San Jose is about to crack down on two churches that apparently are selling marijuana despite not having permits to do so, Councilwoman Devora “Dev” Davis said last week.
In an email, Davis said that the city attorney’s office “is preparing to take court action to shut down both illegal dispensaries.” She was referring to Coachella Valley Church at 2142 The Alameda and Oklevueha Native American Church of South Bay at 265 Meridian Ave.
“It’s a priority for me, so I will be doing everything I can to shut down illegal pot clubs, regardless of whether they call themselves churches or not,” Davis said. For the past few years, the city has allowed only 16 cannabis clubs to operate as long as they have permits and pay sales and business taxes.
Davis said City Attorney Rick Doyle told her the two churches “have been in the hopper as part of the regular process of shutting down illegal dispensaries as they pop up.”
Staff and members of Coachella Valley Church, which opened in May, previously said sales and use of cannabis are exempt under the banner of religious freedom. Members use marijuana both in the downstairs chapel and on the church’s rooftop lounge as part of their Rastafari practice, they said.
“It helps me to clarify my own mind, to get to my sense of purpose and start living my truth,” Grant Atwell, a shaman who also goes by his Native American name Star Touches Earth, said in a recent interview. Atwell occasionally speaks at the church’s weekly services and advocates the spiritual and medical use of marijuana.
“The majority of adults have come across it in their lifetime,” Atwell said. “However, we have to use it appropriately, in a good way for medical and sacred ceremony.”
Coachella director Donny Lords previously said the church’s nonprofit status means its marijuana sales are non-taxable.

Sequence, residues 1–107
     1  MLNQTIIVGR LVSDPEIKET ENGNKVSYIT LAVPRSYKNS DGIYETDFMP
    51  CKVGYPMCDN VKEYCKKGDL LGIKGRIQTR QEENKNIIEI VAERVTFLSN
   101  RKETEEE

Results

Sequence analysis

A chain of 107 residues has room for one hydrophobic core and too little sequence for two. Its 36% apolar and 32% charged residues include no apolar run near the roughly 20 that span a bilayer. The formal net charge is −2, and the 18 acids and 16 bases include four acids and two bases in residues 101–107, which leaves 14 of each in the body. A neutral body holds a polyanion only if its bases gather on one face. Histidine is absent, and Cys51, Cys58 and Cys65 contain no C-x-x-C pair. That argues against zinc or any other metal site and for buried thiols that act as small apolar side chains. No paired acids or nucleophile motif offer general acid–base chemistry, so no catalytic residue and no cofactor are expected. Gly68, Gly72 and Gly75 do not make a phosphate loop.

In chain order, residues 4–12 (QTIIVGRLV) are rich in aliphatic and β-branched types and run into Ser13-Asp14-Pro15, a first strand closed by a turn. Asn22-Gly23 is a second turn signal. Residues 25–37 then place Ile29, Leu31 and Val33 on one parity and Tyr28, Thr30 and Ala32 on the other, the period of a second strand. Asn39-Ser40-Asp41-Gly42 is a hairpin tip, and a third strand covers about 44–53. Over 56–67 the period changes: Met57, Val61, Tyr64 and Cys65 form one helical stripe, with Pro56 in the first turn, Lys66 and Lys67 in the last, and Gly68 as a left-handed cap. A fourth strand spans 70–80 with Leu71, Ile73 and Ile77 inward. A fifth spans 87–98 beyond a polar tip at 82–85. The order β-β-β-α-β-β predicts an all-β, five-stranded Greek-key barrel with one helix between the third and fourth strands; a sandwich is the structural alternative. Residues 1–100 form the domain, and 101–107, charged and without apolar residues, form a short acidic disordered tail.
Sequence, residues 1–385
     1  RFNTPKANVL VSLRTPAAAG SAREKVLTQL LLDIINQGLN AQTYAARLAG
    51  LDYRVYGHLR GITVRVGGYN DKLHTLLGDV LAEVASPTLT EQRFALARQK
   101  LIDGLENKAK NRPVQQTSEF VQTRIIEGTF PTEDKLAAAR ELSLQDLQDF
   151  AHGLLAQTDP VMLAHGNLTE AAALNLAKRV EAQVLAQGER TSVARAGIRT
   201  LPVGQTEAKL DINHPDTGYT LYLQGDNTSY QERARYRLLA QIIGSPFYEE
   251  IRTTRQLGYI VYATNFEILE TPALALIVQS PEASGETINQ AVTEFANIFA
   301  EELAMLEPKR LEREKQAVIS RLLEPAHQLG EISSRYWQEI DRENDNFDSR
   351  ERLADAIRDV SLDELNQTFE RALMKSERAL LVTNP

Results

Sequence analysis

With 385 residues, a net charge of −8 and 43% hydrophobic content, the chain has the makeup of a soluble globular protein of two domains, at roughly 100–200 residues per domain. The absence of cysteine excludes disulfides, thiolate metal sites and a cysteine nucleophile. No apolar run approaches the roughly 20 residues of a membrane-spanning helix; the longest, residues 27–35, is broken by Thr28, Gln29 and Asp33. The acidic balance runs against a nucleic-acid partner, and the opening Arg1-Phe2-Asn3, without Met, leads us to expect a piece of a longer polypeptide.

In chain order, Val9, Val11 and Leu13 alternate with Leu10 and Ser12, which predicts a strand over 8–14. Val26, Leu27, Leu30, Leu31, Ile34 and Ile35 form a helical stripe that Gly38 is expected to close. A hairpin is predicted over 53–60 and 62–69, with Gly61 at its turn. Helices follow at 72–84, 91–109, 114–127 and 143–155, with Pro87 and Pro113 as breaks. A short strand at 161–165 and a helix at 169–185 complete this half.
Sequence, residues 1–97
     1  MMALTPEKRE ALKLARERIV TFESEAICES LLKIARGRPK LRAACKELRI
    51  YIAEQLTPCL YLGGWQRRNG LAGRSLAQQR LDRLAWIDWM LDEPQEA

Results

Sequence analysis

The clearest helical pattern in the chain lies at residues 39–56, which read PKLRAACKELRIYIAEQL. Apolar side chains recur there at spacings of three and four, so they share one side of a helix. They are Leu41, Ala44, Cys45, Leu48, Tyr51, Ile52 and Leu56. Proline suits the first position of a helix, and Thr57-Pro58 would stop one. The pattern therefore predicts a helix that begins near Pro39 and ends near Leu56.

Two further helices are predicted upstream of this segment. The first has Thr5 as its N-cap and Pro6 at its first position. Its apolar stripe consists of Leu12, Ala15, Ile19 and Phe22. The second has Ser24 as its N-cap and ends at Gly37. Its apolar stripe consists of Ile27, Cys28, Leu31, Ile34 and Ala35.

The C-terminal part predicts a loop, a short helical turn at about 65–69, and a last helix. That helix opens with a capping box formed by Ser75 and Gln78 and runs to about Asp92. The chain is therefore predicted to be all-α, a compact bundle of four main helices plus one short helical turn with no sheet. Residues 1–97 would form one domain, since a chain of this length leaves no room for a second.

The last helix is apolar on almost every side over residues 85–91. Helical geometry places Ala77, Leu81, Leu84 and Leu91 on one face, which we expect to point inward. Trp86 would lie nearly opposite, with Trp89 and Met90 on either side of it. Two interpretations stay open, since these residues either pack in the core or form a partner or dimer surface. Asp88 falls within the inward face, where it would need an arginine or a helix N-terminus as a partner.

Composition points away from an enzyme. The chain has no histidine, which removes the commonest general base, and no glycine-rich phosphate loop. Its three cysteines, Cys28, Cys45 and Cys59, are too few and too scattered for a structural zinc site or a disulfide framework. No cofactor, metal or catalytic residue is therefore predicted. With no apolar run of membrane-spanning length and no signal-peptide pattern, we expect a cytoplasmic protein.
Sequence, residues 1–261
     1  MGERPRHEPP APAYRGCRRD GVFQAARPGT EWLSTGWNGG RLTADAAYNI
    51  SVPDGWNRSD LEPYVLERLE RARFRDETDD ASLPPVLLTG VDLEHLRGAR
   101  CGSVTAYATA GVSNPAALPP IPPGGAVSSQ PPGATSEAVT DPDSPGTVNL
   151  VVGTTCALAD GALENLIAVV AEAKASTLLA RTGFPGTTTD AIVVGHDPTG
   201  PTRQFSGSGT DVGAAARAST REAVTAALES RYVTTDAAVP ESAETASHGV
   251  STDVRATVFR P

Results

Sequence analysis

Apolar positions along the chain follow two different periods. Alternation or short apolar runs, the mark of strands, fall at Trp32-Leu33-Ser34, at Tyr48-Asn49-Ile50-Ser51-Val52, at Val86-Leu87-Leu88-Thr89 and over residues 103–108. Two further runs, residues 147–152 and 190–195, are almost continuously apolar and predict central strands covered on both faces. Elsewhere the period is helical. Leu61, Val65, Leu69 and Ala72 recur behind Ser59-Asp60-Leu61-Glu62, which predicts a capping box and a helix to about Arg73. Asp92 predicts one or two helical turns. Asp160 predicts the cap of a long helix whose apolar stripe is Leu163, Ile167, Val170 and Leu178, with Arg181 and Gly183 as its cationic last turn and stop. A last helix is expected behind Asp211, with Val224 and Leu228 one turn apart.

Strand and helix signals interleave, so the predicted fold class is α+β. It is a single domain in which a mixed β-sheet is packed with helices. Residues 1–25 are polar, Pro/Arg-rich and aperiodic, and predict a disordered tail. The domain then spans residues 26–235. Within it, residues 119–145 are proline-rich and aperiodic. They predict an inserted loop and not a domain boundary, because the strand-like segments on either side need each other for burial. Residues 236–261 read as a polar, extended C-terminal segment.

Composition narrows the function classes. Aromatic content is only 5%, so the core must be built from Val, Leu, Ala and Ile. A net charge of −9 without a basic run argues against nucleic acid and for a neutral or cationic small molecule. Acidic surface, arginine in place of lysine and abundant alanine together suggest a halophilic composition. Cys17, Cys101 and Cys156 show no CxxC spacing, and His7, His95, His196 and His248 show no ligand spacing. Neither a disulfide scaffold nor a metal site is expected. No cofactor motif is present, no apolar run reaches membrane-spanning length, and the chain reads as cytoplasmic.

Oklevueha Native American Church of South Bay also claims the same right to sell non-taxed marijuana products to its members.
Davis said the city can’t do anything about members smoking marijuana on private church property but churches’ nonprofit status don’t give them a loophole or exemption from paying the city’s marijuana business tax.
“The cannabis tax applies whether you are a legal or not-legal dispensary,” Davis said. “They’re basically violating law if they don’t pay taxes on cannabis sales, even if they’re not a dispensary.”
Lords has described the sales as “donations,” but according to the state Board of Equalization, “a seller of any tangible personal property is liable for the sales tax whether they collect the tax reimbursement from their customer or if they don’t collect any tax.”
“When selling items for a ‘suggested donation’, we would consider these sales subject to sales tax,” Paul Cambra, spokesman for the California Department of Tax and Fee Administration, said in an email.
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“A taxpayer could sell these items on a ‘tax-included basis,’ which would make it seem to the purchaser like they aren’t collecting tax,” Cambra added. “But if they are operating without a seller’s permit, then they are not following the law.”
Last year, San Jose collected $10.5 million in marijuana business taxes alone, not counting sales taxes from actual transactions, according to city officials.
Davis said she is also worried about where and how the marijuana sold at the churches is grown and produced. However, some items sold at Coachella were the same brands as those sold at several legal dispensaries that this reporter visited.
“I’m concerned about the product they’re distributing,” she added. “We have regulations about the product itself to keep people safe.”
Coachella, which was recently inspected by code enforcement officials, and Oklevueha Native American Church could both face fines of up to $50,000 for each day they are open.
Davis reminded residents that both medical and recreational users still need to be 21 or older to buy pot in San Jose when Proposition 64, which makes the sale of recreational pot in California legal, goes into effect Jan. 1.
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